Apple butter seemed like the perfect take-home favor for this quarter's book club meeting, where we talked about Christian fiction novel Sweetwater Gap by Denise Hunter. This was my first attempt at making apple butter, so I turned to my grandmother for advice on how to make it. I used her tried and true recipe, but tweaked it to make it my own. I hope you will give it a try!
As it cooks, this recipe will fill your house with the warm aroma of fall.
ApplesYou can use a variety of apples for this recipe. A farmer's market will probably yield the best selection of cooking apples, but if you need to purchase them from your grocer, select one or more varieties that bake well. For my apple butter, I used a mixture of Jonamac, Gala and Granny Smith apples.
Apple Cider Vinegar
Slice and core the apples, and place them in a heavy pot. Add a little water or apple cider to the pot (not enough to cover the apples; just enough to add a little liquid). Place the lid on the pot, and heat the apples to boiling. Turn down the heat, and simmer the apples until they are soft.
Pour the cooked apples into a strainer, and let the liquid drain out. Then push the apple pulp back into the pot through the strainer, careful to remove any seeds or bits of peel that might go through. When you have gotten as much pulp as possible through the strainer, measure out the pulp to see how many cups you have.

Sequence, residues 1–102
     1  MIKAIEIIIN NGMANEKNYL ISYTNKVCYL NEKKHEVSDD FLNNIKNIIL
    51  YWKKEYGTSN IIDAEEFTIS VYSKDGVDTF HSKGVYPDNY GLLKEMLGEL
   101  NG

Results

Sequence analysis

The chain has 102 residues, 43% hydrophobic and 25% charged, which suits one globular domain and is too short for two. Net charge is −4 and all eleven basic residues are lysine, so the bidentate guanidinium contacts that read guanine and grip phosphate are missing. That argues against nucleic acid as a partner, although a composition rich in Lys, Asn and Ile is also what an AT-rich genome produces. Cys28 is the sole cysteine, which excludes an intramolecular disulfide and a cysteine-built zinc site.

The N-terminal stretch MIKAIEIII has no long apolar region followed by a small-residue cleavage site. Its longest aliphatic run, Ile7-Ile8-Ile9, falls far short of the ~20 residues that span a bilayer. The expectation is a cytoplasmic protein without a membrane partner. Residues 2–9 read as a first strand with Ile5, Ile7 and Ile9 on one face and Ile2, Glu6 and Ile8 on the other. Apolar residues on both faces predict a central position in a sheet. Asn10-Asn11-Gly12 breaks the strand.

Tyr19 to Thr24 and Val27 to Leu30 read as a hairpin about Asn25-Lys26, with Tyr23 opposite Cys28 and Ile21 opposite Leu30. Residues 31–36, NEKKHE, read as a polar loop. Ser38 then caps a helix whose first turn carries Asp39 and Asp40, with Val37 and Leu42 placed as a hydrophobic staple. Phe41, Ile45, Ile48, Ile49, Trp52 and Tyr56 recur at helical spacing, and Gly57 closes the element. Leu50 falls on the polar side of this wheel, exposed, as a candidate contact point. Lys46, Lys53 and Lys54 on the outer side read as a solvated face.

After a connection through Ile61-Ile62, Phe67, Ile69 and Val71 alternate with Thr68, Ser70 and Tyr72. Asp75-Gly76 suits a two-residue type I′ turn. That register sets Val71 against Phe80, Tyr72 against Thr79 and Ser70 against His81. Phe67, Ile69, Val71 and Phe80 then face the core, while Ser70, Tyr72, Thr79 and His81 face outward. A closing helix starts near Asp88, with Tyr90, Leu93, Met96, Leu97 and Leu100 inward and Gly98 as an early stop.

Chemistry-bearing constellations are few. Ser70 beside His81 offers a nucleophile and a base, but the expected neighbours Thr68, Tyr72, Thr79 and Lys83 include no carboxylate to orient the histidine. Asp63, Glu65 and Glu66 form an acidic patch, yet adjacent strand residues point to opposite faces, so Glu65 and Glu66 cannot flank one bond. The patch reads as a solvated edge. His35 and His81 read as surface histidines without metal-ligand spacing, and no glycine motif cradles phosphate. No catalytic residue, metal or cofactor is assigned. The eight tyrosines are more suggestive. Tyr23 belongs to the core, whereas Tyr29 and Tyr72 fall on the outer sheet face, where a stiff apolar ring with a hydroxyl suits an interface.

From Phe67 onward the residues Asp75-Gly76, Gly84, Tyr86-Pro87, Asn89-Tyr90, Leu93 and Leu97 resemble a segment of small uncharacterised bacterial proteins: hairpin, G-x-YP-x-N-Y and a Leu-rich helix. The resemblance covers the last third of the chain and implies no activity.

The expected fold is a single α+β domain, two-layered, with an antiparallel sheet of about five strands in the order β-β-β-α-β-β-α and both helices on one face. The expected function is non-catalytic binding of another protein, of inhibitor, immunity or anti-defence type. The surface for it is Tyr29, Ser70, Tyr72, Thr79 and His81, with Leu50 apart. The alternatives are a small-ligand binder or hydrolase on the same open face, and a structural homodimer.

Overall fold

Place the pulp back in the pot, and add seasonings. For 6 cups of pulp, add 3 cups sugar, 2 teaspoons cinnamon, 1/4 teaspoon allspice, 1 teaspoon vanilla and 1/8 cup apple cider vinegar. Use an emulsion blender to incorporate the spices and smooth the pulp. Then cook on medium-low heat until thick. The apple butter needs to cook without the lid so moisture will evaporate, but as the liquid thickens it has a tendency to splatter. To avoid heavy cleanup duty, lay two wooden spoons across the pot and prop the lid on top.
Apple butter will not thicken in the jar, so you need to cook it down to the consistency you desire. There are a couple of tests you can use to determine if it is thick enough. Place a spoonful on a plate, and if liquid seeps out from the edges the butter is too thin. You can also stir the apple butter in the pan and spoon a dollop on top of the rest of the mixture, and if it stays on top, you have achieved a desirable consistency. From this point, thickness is really a matter of taste.
When you reach the desired consistency, sample the butter. Season, if needed, and run the emulsion blender through the apple butter once more. Remove the apple butter from heat, and allow it to cool before spooning it into sterile jars. Serve warm from the stove, or store in the refrigerator.